Sunday, January 5, 2014


My wife's "personal shopper" bought her husband a very nice gift for Christmas this year.  In case you haven't been following along for most of these posts, my wife hates to shop.  With the exception of grocery shopping which she won't cede over to me, I do the shopping.  Christmas gifts, birthday gifts, etc., all become my domain.  It works for us.  

Every Christmas and my birthday, we go through the routine.  She asks me what her personal shopper is going to get her husband for Christmas, or his birthday.  Anyway, you get the drift.  I don't mind, as I don't like surprises and it makes it easier in the long run than having her go out and find something that she's not sure whether I'll like or not.

For years, I've been using the kit lens that came with my Sony Alpha.  It's a 28-200 zoom with a 3.8 to 5.6 ƒ-stop.  For those of you who know lens, you can tell it's not a very fast lens, in other words, it doesn't work very well under low light conditions.  The lens I got is a fixed focal lens of 50mm, with a 1.4 ƒ-stop.  It's fast.

After I came home with it, I put it on my camera and I've been testing it out.  It's going to take some time to get used to, that's for sure.  A couple of times, I've pulled the camera up to my face and immediately attempted to zoom in or out.  Nope, can't do that with this lens.  And it's been awhile since I've had a fixed lens on my camera, probably since I was in high school and I had an old Vivitar SLR with a Pentax screw mount lens.  

Zoom lenses make things easier for the average photographer.  You don't have to really think about composition that much, so you just adjust your lens.  With a fixed prime lens, you have to think about things like this, moving yourself within the environment to get the shot you want.  It's a learning curve, not steep, but I figure I'll end up being a better photographer in the process.

So far, I like the lens.  As noted above, it's fast, not just in low light, but it's also very fast with it's response to focus. I was taking shots of a train traveling by and firing off shots as fast as I could.  With the old lens, about 1 in three would be blurry and out of focus because the lens wouldn't respond.  None of the shots I took this week were blurry.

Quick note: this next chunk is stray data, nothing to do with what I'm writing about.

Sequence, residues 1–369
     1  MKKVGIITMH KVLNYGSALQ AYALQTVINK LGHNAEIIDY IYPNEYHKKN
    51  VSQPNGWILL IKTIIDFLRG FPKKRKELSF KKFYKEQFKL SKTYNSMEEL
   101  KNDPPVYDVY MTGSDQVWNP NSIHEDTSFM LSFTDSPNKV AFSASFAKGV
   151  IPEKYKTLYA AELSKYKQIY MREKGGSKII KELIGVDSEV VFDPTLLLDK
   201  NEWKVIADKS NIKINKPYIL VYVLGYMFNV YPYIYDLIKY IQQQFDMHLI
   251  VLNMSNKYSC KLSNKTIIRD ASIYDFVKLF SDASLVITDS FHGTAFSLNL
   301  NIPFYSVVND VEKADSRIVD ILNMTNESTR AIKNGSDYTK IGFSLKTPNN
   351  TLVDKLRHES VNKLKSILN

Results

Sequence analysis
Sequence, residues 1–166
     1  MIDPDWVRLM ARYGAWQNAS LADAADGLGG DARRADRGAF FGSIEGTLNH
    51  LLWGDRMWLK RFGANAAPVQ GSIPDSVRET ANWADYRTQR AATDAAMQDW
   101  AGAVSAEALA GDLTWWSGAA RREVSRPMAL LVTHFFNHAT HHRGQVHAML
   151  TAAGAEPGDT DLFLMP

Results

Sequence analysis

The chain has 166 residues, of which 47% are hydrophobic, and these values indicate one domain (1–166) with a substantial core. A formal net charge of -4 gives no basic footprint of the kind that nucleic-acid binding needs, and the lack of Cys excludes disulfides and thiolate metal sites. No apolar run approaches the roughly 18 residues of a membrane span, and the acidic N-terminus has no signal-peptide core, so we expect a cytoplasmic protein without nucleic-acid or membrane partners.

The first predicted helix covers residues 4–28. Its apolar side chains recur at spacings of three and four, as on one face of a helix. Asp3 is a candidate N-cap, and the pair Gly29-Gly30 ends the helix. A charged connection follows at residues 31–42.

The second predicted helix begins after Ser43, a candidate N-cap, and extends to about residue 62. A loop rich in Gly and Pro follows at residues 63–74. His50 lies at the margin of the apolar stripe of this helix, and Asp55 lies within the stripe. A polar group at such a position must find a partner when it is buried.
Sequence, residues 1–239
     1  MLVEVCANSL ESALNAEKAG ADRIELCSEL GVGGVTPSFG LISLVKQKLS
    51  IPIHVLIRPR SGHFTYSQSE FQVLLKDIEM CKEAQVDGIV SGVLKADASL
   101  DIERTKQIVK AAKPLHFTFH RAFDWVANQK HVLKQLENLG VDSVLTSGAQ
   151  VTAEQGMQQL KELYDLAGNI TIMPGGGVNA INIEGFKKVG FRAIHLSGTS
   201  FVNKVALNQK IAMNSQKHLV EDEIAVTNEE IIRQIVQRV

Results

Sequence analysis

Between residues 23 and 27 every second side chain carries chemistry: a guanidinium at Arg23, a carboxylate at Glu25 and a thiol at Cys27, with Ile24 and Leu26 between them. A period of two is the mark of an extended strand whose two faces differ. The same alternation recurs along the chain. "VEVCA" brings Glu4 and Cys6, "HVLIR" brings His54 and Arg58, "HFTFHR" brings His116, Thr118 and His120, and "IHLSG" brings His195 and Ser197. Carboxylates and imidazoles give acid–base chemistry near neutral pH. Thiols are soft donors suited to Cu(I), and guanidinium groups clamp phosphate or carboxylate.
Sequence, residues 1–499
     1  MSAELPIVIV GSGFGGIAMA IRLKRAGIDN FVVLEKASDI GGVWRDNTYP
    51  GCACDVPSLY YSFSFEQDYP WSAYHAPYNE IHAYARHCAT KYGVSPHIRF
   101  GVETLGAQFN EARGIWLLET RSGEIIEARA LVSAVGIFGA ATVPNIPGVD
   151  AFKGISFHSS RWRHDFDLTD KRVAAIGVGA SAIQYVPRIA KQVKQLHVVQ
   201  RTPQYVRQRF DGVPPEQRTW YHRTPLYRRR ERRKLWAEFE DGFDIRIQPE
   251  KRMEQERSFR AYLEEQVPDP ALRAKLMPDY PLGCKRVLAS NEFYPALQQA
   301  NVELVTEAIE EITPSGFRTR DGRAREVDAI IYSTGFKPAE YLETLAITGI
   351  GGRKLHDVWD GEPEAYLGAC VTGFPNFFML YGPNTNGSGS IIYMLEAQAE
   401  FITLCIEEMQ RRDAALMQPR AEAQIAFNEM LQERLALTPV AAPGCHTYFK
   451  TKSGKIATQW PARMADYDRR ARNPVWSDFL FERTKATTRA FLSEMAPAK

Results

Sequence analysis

The lens is primarily used as a portrait type of lens.  I haven't used it for that yet unless you count a shot I took of our dog Jack today.  With just some side lighting from a couple of lamps I was able to get a good shot of him as he lay on the couch.  I'll not bore you with the technical stuff, but at least know I shot in ISO 100 with the camera set at ƒ1.4, the widest the lens would be to let the maximum amount of light into the camera.  Very little grain and a nice looking shot over all.

Maybe this will pave the way for me to get more stranger shots.  I've been avoiding those over the past couple of months mainly because I haven't been really pleased with the results I've been getting with my old lens.  Well, I don't have any excuses now.  Wish me luck.


  1. congratulations on the new lens, looking forward to lots of great photos from it

    1. Thank you Harry. So far, I'm really enjoying it, almost enough to possibly make another 365 run.

  2. Have fun with the lens. Fast lenses are good to have. I'm not the biggest fan of prime lenses, despite owning a couple of them. With glass getting so good with the smaller zooms, I tend to go with them more. Still have a lot to think about with composition and such, but gives me a little more freedom to mess around. Good shots you have to start with it -- I look forward to seeing what else you come up with!